REASON #18: There are many settings where you may choose to work.

Another of the biggest reasons why becoming a PMHNP is worth it is you can choose the type of setting where you want to work. You may choose to work in a private or group practice, offering one-on-one counseling to clients. Some psychiatric mental health nurse practitioners work in inpatient psychiatric units, hospitals, and inpatient or outpatient addiction centers or rehabilitation centers.

REASON #19: You can integrate other modalities into your practice.

Becoming a PMHNP is worth it if you want to have more flexibility and control over how you deliver services. As a PMHNP, you can choose to become certified in other treatment modalities such as EMDR or acupuncture. Utilizing additional care options allows you to provide more specialized treatment to meet your client’s individual needs, which can improve patient outcomes.

REASON #20: You can have a predictable schedule.

Another excellent benefit of earning a degree as a psychiatric mental health nurse practitioner is there are excellent job opportunities with desirable schedules. While there are jobs for PMHNPs that do not have predictable schedules, many do. Many PMHNPs work in clinic settings or rehab facilities offering services during typical office hours. This benefit is especially appealing to practitioners who have children or family responsibilities.

REASON #21: You can use your knowledge and skills to volunteer or work with international agencies.

International relief and support agencies are always looking for qualified healthcare professionals to volunteer or work for them. As a psychiatric mental health nurse practitioner you can help in two ways, by providing quality mental health services and nursing care. If you aspire to work or volunteer on an international level, you may find becoming a PMHNP is worth it.

REASON #22: There is excellent potential for long-term job security for PMHNPs.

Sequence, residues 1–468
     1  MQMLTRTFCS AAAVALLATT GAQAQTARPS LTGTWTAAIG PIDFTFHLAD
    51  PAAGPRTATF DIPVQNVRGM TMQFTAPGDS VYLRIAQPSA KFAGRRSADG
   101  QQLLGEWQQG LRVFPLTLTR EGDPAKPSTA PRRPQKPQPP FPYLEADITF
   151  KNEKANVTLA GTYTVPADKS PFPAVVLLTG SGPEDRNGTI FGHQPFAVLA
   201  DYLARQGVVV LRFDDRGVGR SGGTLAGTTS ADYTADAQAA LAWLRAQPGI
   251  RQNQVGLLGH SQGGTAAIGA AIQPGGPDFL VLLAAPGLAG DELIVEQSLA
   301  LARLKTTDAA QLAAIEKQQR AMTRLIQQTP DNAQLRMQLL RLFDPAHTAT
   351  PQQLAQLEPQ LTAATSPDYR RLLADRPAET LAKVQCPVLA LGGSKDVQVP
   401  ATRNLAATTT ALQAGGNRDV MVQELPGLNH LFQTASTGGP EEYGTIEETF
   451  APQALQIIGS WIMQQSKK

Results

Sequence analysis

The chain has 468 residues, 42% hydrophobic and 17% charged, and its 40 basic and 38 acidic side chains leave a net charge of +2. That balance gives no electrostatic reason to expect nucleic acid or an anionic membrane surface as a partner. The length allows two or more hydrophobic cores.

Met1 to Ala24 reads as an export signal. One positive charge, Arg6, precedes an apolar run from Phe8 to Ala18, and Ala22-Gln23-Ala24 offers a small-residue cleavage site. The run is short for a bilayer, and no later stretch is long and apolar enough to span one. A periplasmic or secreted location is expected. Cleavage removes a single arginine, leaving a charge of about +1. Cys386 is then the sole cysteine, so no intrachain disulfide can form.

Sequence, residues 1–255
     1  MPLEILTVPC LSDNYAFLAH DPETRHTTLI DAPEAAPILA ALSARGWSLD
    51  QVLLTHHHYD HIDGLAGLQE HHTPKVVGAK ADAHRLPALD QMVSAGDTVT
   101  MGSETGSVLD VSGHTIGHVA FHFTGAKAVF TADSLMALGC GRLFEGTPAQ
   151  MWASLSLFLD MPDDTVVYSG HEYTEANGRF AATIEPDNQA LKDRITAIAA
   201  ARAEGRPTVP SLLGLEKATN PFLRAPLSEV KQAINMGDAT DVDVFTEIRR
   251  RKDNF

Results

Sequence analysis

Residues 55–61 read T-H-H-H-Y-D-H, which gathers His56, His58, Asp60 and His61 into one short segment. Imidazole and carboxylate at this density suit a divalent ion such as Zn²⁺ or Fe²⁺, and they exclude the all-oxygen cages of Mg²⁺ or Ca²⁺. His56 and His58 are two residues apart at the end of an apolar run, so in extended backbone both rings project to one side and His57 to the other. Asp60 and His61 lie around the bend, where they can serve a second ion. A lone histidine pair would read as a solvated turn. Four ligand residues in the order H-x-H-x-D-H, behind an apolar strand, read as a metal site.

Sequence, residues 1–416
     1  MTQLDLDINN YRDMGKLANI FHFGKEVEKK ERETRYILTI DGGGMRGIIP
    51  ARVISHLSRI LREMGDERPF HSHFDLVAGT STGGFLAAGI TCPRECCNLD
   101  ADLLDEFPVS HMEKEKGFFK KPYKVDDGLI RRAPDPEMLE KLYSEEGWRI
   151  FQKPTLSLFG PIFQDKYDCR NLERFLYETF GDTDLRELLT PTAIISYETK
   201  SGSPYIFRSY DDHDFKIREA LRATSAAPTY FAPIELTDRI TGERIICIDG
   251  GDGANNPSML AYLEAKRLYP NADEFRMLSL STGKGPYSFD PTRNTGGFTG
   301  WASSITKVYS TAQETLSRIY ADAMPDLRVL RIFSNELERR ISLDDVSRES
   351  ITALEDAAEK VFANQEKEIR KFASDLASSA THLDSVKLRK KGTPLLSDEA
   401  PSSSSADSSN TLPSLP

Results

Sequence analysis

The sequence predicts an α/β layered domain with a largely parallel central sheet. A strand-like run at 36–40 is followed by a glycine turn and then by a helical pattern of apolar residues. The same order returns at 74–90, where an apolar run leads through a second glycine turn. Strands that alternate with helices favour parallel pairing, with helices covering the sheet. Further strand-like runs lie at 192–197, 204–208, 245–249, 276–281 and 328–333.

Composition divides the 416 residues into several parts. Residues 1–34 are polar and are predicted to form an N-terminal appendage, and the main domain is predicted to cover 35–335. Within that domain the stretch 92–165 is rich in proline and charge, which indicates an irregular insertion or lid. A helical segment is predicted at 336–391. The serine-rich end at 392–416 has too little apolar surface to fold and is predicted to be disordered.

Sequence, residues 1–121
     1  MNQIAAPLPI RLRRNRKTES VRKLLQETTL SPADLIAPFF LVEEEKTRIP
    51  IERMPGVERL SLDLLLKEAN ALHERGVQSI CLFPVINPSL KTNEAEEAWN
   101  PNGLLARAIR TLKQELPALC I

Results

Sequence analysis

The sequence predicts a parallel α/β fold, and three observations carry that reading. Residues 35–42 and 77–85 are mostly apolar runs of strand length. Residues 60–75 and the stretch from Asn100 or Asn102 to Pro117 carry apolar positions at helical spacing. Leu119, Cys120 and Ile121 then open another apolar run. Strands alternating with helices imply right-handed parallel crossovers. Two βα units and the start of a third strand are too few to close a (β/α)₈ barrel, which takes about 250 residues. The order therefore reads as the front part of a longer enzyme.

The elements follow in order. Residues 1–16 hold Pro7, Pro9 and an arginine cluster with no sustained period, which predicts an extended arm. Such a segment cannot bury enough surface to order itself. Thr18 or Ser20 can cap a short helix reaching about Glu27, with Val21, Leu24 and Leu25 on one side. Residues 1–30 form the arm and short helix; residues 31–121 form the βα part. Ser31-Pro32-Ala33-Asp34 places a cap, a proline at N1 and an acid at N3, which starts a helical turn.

The U.S. Bureau of Labor Statistics predicts overall employment of nurse anesthetists, nurse midwives, and nurse practitioners, including psychiatric mental health nurse practitioners, will grow by 40% between 2021 and 2031. A few factors contribute to the potential for a good job outlook for psychiatric mental health nurse practitioners. First, as nurse practitioners in the baby boomer age group reach retirement age, there is a need for new practitioners to fill the roles they leave vacant. Second, as society becomes more aware of the impact that mental health and wellness have on one's physical health and wellness, the stigma that was formerly attached to mental health issues decreases, causing more people to seek mental health care services. This means your chances of finding a good job with long-term prospects are favorable.

REASON #23: You can work in nontraditional settings.

Another great thing about being a psychiatric mental health nurse practitioner is you are not limited to an office setting. PMHNPs often work in nontraditional settings providing care to diverse patient populations. For example, you may become involved in programs focused on troubled or at-risk youth, summer camps, or programs providing care to clients with chronic or terminal illnesses. Another nontraditional role is the role of a bereavement counselor. As a psychiatric mental health nurse practitioner providing bereavement services, you could work with clients dealing with loss or trauma. If you want to think outside the box and think a nontraditional role is something you want to consider, a PMHNP degree is worth it!

REASON #24: You can prescribe medication.

One of the most significant limitations nurses face is that they cannot diagnose and prescribe medications to treat patients. If this is a frustration you have and you feel limited in your capacity to help people, becoming a PMHNP is worth it. Earning your advanced practice degree either at the MSN or DNP level will allow you to prescribe medications (after passing applicable exams) and have a bigger impact on patient outcomes. You will no longer have to wait for other providers to make decisions as you can make them yourself.

REASON #25: You can become board certified.

Being board certified as a psychiatric mental health nurse practitioner will set you apart from other providers, showing you have the qualifications and experience to treat all levels of psychiatric and mental disorders. Becoming a PMHNP is worth it even without being board-certified, but it can help you progress your career and garner higher wages.


(Now that we have discussed the 25 reasons why becoming a PMHNP is worth it, I want to share a few reasons why you could feel becoming a PMHNP may not be worth it.)